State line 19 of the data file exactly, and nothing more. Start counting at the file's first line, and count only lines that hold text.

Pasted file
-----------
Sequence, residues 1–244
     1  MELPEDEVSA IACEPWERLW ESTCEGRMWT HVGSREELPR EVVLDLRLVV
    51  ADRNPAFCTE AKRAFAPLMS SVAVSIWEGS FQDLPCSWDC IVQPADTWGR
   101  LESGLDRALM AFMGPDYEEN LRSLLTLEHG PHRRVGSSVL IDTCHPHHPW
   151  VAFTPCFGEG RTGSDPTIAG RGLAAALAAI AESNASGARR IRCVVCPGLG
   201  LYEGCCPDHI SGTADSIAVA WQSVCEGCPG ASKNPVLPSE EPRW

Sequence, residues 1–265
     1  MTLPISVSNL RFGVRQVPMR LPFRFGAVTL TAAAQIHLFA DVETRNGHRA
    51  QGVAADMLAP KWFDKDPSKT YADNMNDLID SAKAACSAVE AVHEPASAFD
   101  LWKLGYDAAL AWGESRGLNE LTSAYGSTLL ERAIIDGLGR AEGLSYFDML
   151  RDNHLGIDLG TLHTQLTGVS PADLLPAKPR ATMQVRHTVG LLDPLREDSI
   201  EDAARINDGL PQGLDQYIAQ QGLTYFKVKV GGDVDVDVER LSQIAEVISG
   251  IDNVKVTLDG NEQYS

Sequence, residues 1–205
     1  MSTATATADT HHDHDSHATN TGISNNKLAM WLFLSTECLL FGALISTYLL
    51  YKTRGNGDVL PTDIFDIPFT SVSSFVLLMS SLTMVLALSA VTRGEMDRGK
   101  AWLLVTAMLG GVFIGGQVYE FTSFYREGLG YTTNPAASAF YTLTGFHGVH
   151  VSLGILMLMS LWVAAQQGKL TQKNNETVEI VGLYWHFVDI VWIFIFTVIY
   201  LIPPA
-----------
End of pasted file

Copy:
   201  LIPPA